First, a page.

I just took delivery of one this week. The 2013 version, which has a higher output voltage, asynchronous usb input. I plan on using it with a simple system: Mac laptop -> DSP -> VTL Tiny Triode amps -> Quad electrostats (57). I will likely use the DSPeaker as a preamp, with either a USB or an optical input to the DSPeaker. I'll let you know how it sounds, though it may take a week or more for me to get to it. Some people have reported losses in transparency. I assume with the Quads, I would notice something like that!
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I have one between pre-amp and power amps, analog-in to analog-out. It greatly improved the low end by removing big peaks. Main speakers now can play bass with no need for subs, booming is gone.
Most room problems are under 150HZ so this can make a big difference and I am not even using the other features, parametric eq, etc. Just set and forget. You do have to be OK with everything having an A/D/A conversion but, to my ears, it is transparent and its output drives my mono amps fine.
I've only played it for a couple hours, not broken in or anything (does it need break in???). It is playing in analog mode b/t my preamp and amps. What I notice so far is that it really cleans up the bass - not as muddy or resonant. That is nice. It may be removing a bit of transparency though. Listening to Greg Brown - I seem to lose a bit of the granularity and resonance of his voice. I'm not entirely sure yet. I also want to try it out entirely in the digital domain, so its analog output stage is not included in the picture, nor is another round of A=>D and D=>A. Overall, so far, I find myself happy listening with it in the chain, but see that there may be some tradeoff. I need to try it out in a different position in the chain.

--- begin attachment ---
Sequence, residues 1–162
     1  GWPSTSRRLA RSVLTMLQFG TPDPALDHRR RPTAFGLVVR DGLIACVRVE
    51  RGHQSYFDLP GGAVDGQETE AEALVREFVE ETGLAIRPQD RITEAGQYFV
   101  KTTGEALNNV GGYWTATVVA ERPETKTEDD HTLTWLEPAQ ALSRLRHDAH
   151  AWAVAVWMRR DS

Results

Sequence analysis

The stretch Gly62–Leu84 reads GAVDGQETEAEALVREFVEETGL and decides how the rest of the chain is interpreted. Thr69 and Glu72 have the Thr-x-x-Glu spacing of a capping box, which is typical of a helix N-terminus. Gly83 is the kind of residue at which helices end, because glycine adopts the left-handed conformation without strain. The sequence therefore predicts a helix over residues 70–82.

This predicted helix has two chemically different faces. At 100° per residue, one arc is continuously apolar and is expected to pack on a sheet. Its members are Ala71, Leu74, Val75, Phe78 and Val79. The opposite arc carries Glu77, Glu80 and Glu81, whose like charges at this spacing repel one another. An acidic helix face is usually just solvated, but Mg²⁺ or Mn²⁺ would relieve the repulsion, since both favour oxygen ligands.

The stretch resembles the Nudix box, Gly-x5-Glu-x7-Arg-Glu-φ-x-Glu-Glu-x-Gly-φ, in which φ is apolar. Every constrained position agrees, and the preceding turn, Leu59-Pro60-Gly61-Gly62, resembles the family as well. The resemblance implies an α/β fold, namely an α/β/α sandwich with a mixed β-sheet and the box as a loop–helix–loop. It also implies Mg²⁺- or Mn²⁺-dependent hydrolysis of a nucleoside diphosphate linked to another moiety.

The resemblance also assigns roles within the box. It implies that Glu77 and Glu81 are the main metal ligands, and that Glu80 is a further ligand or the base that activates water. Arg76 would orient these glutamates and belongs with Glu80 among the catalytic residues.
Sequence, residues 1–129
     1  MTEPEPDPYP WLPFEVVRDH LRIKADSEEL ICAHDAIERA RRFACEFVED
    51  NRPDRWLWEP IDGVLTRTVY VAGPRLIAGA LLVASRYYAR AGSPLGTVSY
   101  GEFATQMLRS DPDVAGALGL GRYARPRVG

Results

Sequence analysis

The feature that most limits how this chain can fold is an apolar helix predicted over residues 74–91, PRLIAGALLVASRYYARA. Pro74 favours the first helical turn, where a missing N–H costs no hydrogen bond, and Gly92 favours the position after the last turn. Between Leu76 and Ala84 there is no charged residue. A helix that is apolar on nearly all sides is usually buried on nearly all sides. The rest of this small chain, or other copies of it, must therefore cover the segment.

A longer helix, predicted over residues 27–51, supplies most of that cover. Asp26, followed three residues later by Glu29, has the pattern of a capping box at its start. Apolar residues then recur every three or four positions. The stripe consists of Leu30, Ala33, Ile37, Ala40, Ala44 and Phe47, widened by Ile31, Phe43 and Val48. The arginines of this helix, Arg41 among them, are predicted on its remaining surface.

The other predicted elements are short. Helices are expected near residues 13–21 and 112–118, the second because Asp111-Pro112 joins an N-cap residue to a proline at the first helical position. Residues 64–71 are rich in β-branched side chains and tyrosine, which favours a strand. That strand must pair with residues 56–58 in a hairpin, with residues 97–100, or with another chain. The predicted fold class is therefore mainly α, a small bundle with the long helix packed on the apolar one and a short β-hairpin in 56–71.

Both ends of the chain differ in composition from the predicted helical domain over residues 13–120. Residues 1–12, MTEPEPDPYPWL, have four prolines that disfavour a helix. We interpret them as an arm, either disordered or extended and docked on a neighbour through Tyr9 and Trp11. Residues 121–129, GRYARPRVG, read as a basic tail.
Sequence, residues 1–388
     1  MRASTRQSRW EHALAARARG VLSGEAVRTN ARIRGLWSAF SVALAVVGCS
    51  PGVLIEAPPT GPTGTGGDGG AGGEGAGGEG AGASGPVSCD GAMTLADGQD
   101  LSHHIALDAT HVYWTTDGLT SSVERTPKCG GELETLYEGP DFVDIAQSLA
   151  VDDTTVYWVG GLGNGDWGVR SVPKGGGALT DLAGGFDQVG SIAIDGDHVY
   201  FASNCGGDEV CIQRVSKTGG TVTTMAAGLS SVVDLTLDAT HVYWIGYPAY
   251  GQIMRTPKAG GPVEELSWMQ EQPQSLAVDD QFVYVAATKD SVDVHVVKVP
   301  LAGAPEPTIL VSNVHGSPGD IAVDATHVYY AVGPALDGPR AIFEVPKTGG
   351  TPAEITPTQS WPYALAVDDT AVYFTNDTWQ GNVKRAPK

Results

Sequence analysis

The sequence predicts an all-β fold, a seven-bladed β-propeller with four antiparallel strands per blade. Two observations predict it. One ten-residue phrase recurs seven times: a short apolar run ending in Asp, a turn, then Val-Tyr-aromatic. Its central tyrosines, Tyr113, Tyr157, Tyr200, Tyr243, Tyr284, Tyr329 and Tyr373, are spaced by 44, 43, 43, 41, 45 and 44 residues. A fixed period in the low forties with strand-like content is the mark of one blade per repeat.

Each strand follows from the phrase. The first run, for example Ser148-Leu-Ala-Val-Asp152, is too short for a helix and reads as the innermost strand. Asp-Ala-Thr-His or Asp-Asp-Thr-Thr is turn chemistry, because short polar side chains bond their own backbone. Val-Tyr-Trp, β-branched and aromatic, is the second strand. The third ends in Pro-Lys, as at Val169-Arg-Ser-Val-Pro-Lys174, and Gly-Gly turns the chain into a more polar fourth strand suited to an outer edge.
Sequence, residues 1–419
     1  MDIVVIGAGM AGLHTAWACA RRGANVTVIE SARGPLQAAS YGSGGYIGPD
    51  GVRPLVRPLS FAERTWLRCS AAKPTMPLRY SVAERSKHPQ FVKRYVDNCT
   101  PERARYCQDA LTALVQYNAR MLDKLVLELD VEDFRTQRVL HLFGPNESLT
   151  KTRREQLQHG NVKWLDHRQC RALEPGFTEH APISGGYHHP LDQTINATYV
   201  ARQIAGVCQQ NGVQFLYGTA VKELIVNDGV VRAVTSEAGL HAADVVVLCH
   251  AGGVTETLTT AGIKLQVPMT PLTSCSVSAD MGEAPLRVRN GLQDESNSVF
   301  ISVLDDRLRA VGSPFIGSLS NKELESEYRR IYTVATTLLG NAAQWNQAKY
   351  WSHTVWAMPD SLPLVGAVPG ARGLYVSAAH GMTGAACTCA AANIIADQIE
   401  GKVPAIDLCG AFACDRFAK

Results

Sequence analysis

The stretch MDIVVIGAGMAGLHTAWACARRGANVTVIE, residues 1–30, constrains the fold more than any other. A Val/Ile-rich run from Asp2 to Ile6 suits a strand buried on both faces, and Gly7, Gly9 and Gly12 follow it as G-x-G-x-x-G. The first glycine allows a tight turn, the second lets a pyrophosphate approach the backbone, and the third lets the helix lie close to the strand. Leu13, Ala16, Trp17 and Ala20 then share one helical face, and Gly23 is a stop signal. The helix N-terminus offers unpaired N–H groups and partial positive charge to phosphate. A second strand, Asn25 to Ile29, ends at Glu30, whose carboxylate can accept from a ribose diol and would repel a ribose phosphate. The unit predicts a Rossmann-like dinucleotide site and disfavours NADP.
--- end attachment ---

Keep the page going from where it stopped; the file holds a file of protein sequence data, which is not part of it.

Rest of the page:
Putting it in the tape loop allows you to more easily bypass its A/D/A conversion should you choose to do so for some reason. So the tape loop may be the most convenient way to hook it up for evaluation purposes. If you find its A/D/A + DSP beneficial in all cases after an evaluation using the tape loopthen between pre and amp would make sense.
Also, between pre and amp, if you are using it as a DAC, aren't you bypassing your preamp's volume control (and any other benefits the preamp provides)?
No, you're not bypassing the volume control. And the bypass function is so easy to control from the remote (rather than getting up to change the tape loop setting) that it seems to be the way to go (b/t preamp and amp).
I wrote to the manufacturer and they indicated that the cleanest way to use the unit was to keep it in the digital domain (i.e. put it between the digital signal and the DAC) or to use it as a DAC/preamp itself with no other equipment before the amps.
FYI - the USB input jack is a mini - so it's not like many USB DACs we are used to. This would entail either an adaptor or a USBA to mini cable.
You can't use it as a DAC between the pre and the amp. If you want to use it as a DAC, you either do so upstream of the pre (as an input into the pre) or you hook it up directly to the amps, and then you are using it as a DAC+PRE.
Are you talking about a digital out from the pre? If so, you are correct. Like for home theater???
Correct about the bypass (second statement)
Yes, you have the greatest flexibility from my POV by using the tapeloop. Allows as many analog inputs as your preamp has to be run through the Dual Core (which only has 1 set of analog inputs), and it allows you to use the Dual Core as a DAC.
Peter_s or anyone else, would there any reasons that the tape loop might somehow not be ideal? Really does seem the best of all worlds from a versatility standpoint.
Upstream from the pre but not in the tape loop, means only one analog input to the Dual Core.
Between pre and amp, you do not get the DAC functionality (unless you decided to use the volume control on the Dual Core as the volume control for your digital inputs, which seems to be a hassle and would bypass potential benefits of your preamp for your digital sources).